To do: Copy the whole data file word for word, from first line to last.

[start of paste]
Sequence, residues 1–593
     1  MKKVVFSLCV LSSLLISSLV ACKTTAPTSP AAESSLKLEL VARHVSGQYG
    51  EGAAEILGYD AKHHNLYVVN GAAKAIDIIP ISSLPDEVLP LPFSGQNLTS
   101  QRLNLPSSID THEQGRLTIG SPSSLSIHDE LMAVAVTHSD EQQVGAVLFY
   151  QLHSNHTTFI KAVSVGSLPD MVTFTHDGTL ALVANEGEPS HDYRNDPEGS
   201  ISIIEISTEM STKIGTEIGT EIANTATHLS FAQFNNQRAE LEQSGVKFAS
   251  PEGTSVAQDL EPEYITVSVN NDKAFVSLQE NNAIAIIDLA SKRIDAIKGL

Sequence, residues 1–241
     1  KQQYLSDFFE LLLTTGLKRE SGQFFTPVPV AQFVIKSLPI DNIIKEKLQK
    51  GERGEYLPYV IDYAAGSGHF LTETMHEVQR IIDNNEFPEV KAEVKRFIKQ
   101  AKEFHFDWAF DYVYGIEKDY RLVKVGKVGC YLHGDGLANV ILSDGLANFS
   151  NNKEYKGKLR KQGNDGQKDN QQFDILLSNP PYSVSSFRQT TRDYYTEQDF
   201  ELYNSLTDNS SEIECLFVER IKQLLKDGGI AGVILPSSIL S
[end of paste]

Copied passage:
Sequence, residues 1–593
     1  MKKVVFSLCV LSSLLISSLV ACKTTAPTSP AAESSLKLEL VARHVSGQYG
    51  EGAAEILGYD AKHHNLYVVN GAAKAIDIIP ISSLPDEVLP LPFSGQNLTS
   101  QRLNLPSSID THEQGRLTIG SPSSLSIHDE LMAVAVTHSD EQQVGAVLFY
   151  QLHSNHTTFI KAVSVGSLPD MVTFTHDGTL ALVANEGEPS HDYRNDPEGS
   201  ISIIEISTEM STKIGTEIGT EIANTATHLS FAQFNNQRAE LEQSGVKFAS
   251  PEGTSVAQDL EPEYITVSVN NDKAFVSLQE NNAIAIIDLA SKRIDAIKGL

Sequence, residues 1–241
     1  KQQYLSDFFE LLLTTGLKRE SGQFFTPVPV AQFVIKSLPI DNIIKEKLQK
    51  GERGEYLPYV IDYAAGSGHF LTETMHEVQR IIDNNEFPEV KAEVKRFIKQ
   101  AKEFHFDWAF DYVYGIEKDY RLVKVGKVGC YLHGDGLANV ILSDGLANFS
   151  NNKEYKGKLR KQGNDGQKDN QQFDILLSNP PYSVSSFRQT TRDYYTEQDF
   201  ELYNSLTDNS SEIECLFVER IKQLLKDGGI AGVILPSSIL S